6 The Lord blessed Judah with peace while Asa was king, and so during that time, Asa fortified many of the towns. 7 He said to the people, “Let’s build walls and defense towers for these towns, and put in gates that can be locked with bars. This land still belongs to us, because we have obeyed the Lord our God. He has given us peace from all our enemies.” The people did everything Asa had suggested.
8 Asa had a large army of brave soldiers: Three hundred thousand of them were from the tribe of Judah and were armed with shields and spears; two hundred eighty thousand were from Benjamin and were armed with bows and arrows.
Judah Defeats Ethiopia’s Army
9 Zerah from Ethiopia[e] led an army of a million soldiers and three hundred chariots to the town of Mareshah[f] in Judah. 10 Asa met him there, and the two armies prepared for battle in Zephathah Valley.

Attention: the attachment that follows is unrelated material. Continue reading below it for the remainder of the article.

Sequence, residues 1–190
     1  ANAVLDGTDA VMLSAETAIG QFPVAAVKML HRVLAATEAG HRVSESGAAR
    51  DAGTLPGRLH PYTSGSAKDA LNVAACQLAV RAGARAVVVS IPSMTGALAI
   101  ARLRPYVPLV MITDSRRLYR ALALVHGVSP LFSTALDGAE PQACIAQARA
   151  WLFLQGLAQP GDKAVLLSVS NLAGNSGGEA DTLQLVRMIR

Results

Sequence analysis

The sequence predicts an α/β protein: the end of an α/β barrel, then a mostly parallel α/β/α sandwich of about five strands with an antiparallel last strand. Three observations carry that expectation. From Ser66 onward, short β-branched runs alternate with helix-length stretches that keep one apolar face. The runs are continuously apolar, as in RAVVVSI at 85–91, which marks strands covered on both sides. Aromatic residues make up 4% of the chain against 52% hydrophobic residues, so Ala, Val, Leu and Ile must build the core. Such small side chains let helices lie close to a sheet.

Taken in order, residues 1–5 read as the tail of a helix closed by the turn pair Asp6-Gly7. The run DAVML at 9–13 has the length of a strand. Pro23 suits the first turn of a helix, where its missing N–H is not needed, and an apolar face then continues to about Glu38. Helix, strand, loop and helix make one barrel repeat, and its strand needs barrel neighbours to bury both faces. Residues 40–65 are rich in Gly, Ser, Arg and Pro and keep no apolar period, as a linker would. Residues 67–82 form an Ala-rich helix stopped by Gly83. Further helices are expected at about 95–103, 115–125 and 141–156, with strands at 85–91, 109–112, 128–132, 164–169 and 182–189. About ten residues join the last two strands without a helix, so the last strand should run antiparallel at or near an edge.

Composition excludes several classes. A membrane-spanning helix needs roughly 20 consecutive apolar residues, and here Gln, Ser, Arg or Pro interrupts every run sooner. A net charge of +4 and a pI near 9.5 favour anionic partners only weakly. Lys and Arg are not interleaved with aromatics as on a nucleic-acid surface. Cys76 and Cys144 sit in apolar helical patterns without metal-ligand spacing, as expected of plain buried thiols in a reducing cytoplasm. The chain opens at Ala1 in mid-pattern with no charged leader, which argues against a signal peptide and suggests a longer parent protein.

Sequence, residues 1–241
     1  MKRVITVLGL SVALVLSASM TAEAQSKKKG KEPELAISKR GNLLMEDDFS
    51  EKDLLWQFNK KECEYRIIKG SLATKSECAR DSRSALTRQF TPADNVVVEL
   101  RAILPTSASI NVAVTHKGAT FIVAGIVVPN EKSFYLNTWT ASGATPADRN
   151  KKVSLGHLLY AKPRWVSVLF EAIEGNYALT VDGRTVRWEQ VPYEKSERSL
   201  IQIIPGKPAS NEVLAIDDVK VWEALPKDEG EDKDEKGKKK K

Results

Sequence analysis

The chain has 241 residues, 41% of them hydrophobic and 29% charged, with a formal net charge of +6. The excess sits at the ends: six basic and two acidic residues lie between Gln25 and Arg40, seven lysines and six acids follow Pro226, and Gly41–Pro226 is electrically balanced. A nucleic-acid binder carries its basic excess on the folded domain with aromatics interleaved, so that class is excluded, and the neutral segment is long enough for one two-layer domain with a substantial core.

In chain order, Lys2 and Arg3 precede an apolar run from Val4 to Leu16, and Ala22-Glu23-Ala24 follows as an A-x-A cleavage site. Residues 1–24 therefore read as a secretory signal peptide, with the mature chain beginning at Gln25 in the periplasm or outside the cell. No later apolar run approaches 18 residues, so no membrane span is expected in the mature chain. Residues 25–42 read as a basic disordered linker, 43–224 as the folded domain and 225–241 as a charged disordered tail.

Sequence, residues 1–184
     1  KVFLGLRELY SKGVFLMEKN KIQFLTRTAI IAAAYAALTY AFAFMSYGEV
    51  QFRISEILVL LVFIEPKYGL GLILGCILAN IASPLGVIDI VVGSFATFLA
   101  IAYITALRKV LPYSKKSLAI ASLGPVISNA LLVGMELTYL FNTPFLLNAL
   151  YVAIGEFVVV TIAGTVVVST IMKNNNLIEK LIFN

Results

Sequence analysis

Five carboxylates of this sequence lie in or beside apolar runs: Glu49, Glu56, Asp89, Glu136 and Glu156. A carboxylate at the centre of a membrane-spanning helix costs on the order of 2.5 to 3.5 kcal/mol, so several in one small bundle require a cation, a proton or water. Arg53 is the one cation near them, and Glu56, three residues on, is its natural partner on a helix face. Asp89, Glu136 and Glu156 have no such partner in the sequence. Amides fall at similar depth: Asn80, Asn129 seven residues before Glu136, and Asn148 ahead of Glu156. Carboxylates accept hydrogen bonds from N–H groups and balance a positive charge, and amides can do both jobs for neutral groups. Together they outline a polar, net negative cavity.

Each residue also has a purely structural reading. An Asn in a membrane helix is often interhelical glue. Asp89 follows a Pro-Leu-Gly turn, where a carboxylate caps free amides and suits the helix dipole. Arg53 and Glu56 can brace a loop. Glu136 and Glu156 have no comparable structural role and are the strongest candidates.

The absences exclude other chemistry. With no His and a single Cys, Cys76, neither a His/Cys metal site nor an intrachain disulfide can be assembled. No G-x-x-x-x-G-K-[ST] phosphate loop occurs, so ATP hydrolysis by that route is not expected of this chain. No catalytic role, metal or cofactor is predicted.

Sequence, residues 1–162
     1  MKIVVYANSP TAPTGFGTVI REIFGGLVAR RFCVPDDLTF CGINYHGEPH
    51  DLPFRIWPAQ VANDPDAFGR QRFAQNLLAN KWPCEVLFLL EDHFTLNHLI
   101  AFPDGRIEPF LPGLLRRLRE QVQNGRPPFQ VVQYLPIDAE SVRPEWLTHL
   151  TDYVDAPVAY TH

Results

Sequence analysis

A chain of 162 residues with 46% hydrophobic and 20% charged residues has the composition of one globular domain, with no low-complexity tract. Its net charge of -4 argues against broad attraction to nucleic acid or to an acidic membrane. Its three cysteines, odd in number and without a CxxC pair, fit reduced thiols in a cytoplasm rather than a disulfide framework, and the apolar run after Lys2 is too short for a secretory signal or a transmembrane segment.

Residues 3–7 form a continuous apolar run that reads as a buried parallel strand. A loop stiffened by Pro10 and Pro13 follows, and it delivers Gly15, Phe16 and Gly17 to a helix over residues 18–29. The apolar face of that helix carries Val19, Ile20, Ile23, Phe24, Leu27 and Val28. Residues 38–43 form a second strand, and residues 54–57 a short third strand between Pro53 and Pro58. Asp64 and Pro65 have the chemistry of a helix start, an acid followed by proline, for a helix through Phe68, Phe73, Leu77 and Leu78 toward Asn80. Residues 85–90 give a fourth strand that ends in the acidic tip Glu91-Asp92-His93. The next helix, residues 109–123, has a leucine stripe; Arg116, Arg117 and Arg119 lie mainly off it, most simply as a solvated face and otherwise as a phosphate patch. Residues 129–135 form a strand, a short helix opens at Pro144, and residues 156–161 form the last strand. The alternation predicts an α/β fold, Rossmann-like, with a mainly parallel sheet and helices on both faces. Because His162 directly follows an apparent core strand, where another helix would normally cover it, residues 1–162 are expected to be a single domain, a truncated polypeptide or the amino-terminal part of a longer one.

11 Asa prayed:
Lord God, only you can help a powerless army defeat a stronger one. So we depend on you to help us. We will fight against this powerful army to honor your name, and we know that you won’t be defeated. You are the Lord our God.
12 The Lord helped Asa and his army defeat the Ethiopians. The enemy soldiers ran away, 13 but Asa and his troops chased them as far as Gerar. It was a total defeat—the Ethiopians could not even fight back![g]
The soldiers from Judah took everything that had belonged to the Ethiopians. 14 The people who lived in the villages around Gerar learned what had happened and were afraid of the Lord. So Judah’s army easily defeated them and carried off everything of value that they wanted from these towns. 15 They also attacked the camps where the shepherds lived and took a lot of sheep, goats, and camels. Then they went back to Jerusalem.